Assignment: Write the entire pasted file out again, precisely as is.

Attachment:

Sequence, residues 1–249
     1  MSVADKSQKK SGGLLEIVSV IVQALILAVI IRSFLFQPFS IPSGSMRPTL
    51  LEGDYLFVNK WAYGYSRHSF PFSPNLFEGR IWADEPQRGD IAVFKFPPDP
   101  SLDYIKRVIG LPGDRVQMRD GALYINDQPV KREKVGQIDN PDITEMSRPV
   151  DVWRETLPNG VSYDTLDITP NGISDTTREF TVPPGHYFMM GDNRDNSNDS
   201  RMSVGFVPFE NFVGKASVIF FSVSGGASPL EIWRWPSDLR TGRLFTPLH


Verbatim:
Sequence, residues 1–249
     1  MSVADKSQKK SGGLLEIVSV IVQALILAVI IRSFLFQPFS IPSGSMRPTL
    51  LEGDYLFVNK WAYGYSRHSF PFSPNLFEGR IWADEPQRGD IAVFKFPPDP
   101  SLDYIKRVIG LPGDRVQMRD GALYINDQPV KREKVGQIDN PDITEMSRPV
   151  DVWRETLPNG VSYDTLDITP NGISDTTREF TVPPGHYFMM GDNRDNSNDS
   201  RMSVGFVPFE NFVGKASVIF FSVSGGASPL EIWRWPSDLR TGRLFTPLH